• p(123) sets a new value. In some property objects this will simply change the internal value without any side effects. However many properties in the SDK have customized setters. For instance, changing the MePerson#status property makes the SDK send a POST request to UCWA to change the user's online status. In those cases p(123) invokes the custom setter. If the app needs to observe the progress of the operation, it should use p.set(123) which is same as p(123) except that it returns a Promise object (and this is why it's a bit heavier: p(123) doesn't create that extra Promise object).

    p.set(123).then(res => {
      console.log("the new value of p:", res); // res == p()
    }, err => {
      console.log("couldnt change the value of p:", err);
  • p.subscribe() tells that the app needs this property to keep its value up to date at all time, until the subscription is removed. This makes an effect only on properties that can be subscribed to, i.e. MePerson#status, while on other properties the subscribe call will do nothing. If a property can be subscribed to, then p.subscribe() will increment the internal subscriptions counter and if this is the first subscription, it will invoke the subscription procedure associated with that property: for MePerson#status that would be a POST request to UCWA, for DevicesManager#cameras that would be a WebRTC call and so on. A subscription can be released with the dispose method:

    s = p.subscribe();
    setTimeout(() => s.dispose(), 3600 * 1000); // unsubscribe 1 hour later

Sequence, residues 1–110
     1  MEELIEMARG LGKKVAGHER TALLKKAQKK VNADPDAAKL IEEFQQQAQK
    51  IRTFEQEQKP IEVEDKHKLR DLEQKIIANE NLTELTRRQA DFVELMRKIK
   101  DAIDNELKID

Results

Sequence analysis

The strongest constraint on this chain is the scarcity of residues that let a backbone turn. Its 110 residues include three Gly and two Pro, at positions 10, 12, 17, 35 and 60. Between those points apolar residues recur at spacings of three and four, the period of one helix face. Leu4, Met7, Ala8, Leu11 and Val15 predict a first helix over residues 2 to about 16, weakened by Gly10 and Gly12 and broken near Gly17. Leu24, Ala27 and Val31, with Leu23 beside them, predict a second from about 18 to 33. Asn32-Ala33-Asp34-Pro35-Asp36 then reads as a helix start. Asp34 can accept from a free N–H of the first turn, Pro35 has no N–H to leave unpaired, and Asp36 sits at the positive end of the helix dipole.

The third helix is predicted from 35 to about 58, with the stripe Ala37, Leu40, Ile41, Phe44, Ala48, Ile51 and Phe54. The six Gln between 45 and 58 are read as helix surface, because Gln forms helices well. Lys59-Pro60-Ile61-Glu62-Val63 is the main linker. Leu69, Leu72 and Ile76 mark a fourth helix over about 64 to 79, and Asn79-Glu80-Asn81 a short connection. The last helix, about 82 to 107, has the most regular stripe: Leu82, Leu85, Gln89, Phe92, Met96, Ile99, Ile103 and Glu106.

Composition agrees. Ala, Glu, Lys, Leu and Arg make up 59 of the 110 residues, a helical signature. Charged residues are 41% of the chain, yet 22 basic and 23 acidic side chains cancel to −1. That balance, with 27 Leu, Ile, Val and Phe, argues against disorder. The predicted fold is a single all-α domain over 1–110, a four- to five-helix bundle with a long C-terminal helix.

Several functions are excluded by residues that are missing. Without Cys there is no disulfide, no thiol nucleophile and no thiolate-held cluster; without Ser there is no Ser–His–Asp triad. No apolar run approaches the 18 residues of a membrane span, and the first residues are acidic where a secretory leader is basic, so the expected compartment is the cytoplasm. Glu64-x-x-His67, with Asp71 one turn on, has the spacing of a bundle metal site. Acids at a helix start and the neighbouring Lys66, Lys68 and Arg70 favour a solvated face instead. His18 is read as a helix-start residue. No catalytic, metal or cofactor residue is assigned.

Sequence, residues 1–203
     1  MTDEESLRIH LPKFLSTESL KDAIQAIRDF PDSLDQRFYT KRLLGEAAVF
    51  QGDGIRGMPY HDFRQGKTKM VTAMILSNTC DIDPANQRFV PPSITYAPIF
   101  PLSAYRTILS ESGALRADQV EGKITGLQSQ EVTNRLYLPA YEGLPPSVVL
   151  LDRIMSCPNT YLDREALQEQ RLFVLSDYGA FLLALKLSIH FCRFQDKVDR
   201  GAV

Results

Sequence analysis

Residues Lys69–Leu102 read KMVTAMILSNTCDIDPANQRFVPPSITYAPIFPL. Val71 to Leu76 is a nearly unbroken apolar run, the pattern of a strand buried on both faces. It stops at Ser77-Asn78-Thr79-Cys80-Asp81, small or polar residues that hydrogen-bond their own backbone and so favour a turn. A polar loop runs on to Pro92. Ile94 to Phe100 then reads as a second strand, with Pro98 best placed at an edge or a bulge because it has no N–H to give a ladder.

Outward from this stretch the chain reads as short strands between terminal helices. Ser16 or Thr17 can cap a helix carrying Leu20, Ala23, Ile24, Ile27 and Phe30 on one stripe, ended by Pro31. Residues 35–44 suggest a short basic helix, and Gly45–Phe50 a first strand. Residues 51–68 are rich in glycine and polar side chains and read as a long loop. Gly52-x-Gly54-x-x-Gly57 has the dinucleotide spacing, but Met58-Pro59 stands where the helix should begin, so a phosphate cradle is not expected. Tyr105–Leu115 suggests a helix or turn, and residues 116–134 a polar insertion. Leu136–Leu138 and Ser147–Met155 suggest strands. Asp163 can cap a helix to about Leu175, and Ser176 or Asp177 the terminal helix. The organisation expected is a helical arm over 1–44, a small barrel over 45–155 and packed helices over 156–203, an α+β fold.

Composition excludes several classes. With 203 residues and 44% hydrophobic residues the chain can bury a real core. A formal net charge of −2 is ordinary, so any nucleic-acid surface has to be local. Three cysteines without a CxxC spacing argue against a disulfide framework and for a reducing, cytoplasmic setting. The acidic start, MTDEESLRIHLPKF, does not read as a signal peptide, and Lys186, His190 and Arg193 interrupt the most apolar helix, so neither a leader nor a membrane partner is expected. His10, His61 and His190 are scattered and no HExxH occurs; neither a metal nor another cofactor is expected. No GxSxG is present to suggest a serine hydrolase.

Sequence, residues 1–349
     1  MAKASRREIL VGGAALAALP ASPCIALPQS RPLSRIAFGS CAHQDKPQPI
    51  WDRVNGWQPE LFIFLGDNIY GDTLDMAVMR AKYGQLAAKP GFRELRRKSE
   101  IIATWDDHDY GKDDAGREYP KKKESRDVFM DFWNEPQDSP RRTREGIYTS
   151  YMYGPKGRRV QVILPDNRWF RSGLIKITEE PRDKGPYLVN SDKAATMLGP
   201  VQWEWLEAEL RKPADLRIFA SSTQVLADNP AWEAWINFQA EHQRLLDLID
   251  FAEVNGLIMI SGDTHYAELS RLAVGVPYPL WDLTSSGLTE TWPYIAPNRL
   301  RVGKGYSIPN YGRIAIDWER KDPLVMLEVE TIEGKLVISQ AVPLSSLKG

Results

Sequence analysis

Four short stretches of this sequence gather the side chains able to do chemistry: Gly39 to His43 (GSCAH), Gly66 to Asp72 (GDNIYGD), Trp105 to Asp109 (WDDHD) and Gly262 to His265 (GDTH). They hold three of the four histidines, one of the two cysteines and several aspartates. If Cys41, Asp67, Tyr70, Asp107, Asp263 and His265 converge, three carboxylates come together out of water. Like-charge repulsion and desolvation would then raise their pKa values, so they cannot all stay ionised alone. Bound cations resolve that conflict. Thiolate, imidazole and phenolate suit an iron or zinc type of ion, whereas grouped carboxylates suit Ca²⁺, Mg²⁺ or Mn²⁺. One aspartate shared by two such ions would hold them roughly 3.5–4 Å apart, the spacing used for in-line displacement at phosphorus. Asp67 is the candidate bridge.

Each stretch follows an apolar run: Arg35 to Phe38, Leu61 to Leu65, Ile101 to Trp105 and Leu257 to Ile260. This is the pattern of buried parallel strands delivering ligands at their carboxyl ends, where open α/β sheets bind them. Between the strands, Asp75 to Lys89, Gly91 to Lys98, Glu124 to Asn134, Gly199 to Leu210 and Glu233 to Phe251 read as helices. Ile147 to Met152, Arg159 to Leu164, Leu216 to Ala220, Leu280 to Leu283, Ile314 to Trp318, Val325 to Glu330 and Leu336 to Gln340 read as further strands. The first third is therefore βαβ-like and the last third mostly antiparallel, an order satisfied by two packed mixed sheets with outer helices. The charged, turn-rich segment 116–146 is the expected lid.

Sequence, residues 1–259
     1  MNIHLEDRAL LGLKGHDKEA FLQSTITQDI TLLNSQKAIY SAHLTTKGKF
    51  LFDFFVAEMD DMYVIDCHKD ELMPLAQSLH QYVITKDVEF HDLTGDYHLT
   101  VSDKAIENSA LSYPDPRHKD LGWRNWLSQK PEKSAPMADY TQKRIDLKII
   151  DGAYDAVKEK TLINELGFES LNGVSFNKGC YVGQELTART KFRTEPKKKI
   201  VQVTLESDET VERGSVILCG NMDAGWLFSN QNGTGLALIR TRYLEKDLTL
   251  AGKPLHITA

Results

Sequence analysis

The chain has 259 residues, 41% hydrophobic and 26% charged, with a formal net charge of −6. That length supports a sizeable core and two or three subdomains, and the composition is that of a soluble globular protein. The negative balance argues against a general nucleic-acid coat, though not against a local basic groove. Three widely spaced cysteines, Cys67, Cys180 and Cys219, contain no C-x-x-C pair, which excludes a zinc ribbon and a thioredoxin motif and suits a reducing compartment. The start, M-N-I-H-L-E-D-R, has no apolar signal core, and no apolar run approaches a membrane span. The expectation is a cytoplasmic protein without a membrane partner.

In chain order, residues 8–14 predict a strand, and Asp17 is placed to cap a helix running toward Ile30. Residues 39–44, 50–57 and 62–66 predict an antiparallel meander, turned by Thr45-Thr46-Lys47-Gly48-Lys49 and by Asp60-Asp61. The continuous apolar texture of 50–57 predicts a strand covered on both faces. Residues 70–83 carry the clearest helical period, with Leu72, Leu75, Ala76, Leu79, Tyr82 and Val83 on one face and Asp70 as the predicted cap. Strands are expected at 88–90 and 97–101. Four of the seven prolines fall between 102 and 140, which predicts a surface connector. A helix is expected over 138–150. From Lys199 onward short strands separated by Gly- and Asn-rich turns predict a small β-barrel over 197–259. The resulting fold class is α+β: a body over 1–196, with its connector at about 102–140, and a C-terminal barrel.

If a property is subscribed to, there is no need to poll its value with p.get() as the SDK does this for the app. A subscription is generally heavier than a one time fetch with p.get(), but lighter than frequent get calls.

  • p.subscribe(300) starts a periodic polling with p.get(). In some cases the app needs to poll the property value from time to time, but doesn't want to create a subscription, as it's heavy. One approach would be to set a timer that would poll the value periodically:

    setInterval(() => p.get(), 15 * 60 * 1000); // poll every 15 mins

    This works well as long as there is just one place in the app that manages this polling. However when the app becomes more complex, this approach no longer works. A typical situation is when the same Person object needs to be displayed by different view models in different places in the UI, that have different lifetime: one UI element is ok to poll the property once every hour, another needs more frequent polling, while the third one needs a subscription. In such cases the p.subscribe(300) method becomes useful: it keeps track on how many and which type of subscriptions it has and upgrades/downgrades them as appropriate.

    s1 = p.subscribe(300); // poll every 300 seconds